When you think of an innovation ecosystem for entrepreneurs, there are many gaps between research and development and start-ups, and between start-ups and companies.  One major gap occurs when labs, either university or federal, have IP that needs to be translated into commercial, sellable products. Working with NASA centers across the country, I see the need for more support to provide technologists in research centers the opportunity to become entrepreneurs or to work with CEOs for hire to bring their ideas from the lab to market.

Another gap is between start-ups and established businesses. Typically, young firms do not have access to corporate decision makers and buyers unless they are part of a corporate incubator or accelerator program. Corporations looking for their next disruptive innovation can provide young firms their first purchase order and access to other buyers.

How does an ecosystem close the gaps for entrepreneurs to build credit and access equity to create and grow their businesses?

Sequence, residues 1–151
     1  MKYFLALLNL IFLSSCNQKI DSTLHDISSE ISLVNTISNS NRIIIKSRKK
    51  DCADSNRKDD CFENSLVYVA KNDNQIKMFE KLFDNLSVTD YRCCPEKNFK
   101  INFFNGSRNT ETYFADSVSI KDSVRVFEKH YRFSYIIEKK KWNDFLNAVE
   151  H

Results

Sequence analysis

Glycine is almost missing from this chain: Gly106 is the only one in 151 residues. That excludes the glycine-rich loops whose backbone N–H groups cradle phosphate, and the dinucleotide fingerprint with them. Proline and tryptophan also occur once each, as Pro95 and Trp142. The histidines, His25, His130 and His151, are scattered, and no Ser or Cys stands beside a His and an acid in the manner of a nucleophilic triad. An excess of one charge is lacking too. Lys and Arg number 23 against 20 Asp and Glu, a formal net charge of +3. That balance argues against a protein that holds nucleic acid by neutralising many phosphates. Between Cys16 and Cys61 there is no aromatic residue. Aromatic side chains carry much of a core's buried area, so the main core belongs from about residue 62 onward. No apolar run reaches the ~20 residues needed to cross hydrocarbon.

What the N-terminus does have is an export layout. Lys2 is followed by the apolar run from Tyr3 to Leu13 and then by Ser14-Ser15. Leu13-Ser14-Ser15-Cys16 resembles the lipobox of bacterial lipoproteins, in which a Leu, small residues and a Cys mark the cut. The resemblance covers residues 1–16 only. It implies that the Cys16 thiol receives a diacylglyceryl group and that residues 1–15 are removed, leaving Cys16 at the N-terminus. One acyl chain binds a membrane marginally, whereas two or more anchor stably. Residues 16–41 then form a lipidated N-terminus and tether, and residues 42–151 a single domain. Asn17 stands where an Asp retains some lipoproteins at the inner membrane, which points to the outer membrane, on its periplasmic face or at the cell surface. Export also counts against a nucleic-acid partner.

How does a community provide entrepreneurs access to business relationships that invite new opportunities and access to financial, technical, and managerial talent that enable businesses to thrive?

In my experience, successful networks are needed to seamlessly connect qualified entrepreneurs with the resources necessary to start and grow their business.  Research, Corporations, Government, Economic Development, Industry Groups, and Investors all need clarity on how to best link their assets and effectively collaborate to strengthen the ecosystem.  One promising practice is a  “clearinghouse” that clusters resources into a hub, offering a central connection point for large businesses, emerging enterprises and entrepreneurs to access service providers.  They can use the hub to jointly develop new projects and services as a way to build on the region’s strengths and avoid duplicating existing community assets.   The inventory typically starts with organizations willing to work together and provide referrals as partner providers.  Most importantly, the resources are accessible and easily navigated with a “no wrong door” policy.

Two great examples of interactive online directories to help entrepreneurs connect the dots are:  Detroit Biz Grid, and KC Source Link.


Share This